Vertner Woodson Tandy

Vertner Woodson Tandy (b. May 17, 1885, d. November 7, 1949) was one of the seven founders (commonly referred to as The Seven Jewels) of Alpha Phi Alpha Fraternity at Cornell University in 1906. Before transfering to Cornell, Vertner studied architecture at Tuskegee University. He was first treasurer of the Alpha chapter and the designer of the fraternity pin. The Fraternity became incorporated under his auspices.
As a graduate of Cornell with a degree in architecture, he would become the State of New York’s first registered black architect, with offices on Broadway in New York City. Tandy's most famous commission was probably Villa Lewaro, the mansion of Harlem millionairess Madam C.J. Walker, in Irvington on Hudson, New York.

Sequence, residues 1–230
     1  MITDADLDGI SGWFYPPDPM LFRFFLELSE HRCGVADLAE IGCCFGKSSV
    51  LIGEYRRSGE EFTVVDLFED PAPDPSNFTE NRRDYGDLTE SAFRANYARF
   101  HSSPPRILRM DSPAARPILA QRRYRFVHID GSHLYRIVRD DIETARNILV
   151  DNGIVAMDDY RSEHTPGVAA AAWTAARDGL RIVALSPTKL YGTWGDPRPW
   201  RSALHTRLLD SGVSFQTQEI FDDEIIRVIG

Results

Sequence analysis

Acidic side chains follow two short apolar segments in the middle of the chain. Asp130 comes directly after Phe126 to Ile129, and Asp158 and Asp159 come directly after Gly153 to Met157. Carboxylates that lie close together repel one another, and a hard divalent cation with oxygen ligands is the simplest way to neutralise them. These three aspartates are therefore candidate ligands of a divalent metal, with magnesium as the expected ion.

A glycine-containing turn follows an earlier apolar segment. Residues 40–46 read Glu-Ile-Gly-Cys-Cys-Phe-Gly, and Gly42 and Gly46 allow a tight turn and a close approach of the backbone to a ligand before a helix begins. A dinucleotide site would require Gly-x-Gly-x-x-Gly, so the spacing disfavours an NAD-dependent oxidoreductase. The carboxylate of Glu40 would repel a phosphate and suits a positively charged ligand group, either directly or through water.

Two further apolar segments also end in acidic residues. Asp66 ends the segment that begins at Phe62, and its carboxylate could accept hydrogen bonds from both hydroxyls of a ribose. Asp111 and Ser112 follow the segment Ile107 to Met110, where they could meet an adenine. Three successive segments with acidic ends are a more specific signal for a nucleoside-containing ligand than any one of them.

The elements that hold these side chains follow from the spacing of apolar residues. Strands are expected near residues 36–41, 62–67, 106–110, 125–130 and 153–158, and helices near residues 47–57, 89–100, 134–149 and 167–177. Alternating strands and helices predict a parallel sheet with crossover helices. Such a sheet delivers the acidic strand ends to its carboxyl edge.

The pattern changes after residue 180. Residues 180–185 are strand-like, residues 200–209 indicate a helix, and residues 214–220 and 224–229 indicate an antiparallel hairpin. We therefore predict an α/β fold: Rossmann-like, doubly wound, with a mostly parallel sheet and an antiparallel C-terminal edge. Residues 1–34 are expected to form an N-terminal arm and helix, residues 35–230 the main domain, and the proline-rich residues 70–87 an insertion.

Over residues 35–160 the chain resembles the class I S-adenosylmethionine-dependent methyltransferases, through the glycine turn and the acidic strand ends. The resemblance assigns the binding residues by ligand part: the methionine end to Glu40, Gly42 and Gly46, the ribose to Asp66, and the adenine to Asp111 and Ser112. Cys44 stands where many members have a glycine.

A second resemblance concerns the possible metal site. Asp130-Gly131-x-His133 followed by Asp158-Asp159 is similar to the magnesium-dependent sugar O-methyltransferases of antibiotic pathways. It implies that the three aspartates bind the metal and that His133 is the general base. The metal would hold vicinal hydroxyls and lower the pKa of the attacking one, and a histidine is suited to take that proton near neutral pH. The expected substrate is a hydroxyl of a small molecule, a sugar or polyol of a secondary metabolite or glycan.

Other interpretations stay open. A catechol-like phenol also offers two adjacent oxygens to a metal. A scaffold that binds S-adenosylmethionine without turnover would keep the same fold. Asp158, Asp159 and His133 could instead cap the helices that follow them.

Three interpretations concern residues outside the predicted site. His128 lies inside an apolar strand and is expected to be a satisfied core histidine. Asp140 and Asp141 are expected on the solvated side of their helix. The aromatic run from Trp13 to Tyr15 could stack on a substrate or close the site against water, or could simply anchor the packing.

Among his other extant work are the Ivey Delph Apartments, and St. Philip's Episcopal Church at 204 West 134th Street in Harlem.
Tandy also holds the distinction of being the first African-American to pass the military commissioning examination and was commissioned First Lieutenant in the 15th Infantry of the New York State National Guard.
Vertner W. Tandy died in 1949, at age 64.


1 comment:

Anonymous said...

These are the sort of people young African Americans need to know of. They are role models.